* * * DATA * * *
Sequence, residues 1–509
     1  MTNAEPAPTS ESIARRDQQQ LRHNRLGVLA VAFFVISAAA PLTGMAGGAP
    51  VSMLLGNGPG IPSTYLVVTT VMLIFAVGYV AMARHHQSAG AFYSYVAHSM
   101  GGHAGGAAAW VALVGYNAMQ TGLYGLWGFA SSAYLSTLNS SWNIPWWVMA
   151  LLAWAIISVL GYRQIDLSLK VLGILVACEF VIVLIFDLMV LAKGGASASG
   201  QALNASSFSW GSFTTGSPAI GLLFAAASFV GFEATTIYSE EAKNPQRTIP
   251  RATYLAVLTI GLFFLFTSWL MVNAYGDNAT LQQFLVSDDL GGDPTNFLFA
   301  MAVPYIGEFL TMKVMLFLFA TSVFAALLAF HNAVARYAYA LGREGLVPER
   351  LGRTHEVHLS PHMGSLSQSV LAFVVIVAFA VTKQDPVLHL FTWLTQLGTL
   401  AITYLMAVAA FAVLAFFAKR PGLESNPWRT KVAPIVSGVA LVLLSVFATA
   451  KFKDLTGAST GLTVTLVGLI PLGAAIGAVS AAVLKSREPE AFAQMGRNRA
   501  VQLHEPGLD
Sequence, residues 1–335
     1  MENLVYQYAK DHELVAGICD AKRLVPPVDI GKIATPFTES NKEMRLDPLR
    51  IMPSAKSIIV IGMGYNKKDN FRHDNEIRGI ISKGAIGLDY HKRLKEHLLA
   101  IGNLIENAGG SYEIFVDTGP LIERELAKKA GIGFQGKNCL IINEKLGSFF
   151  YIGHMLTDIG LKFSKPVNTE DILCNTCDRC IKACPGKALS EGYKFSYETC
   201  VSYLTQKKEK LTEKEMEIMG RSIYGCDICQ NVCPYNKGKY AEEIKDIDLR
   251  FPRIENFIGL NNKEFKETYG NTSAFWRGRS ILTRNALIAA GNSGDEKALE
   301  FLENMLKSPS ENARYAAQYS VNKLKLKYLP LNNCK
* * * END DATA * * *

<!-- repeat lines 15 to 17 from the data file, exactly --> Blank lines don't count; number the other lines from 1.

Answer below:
    51  IMPSAKSIIV IGMGYNKKDN FRHDNEIRGI ISKGAIGLDY HKRLKEHLLA
   101  IGNLIENAGG SYEIFVDTGP LIERELAKKA GIGFQGKNCL IINEKLGSFF
   151  YIGHMLTDIG LKFSKPVNTE DILCNTCDRC IKACPGKALS EGYKFSYETC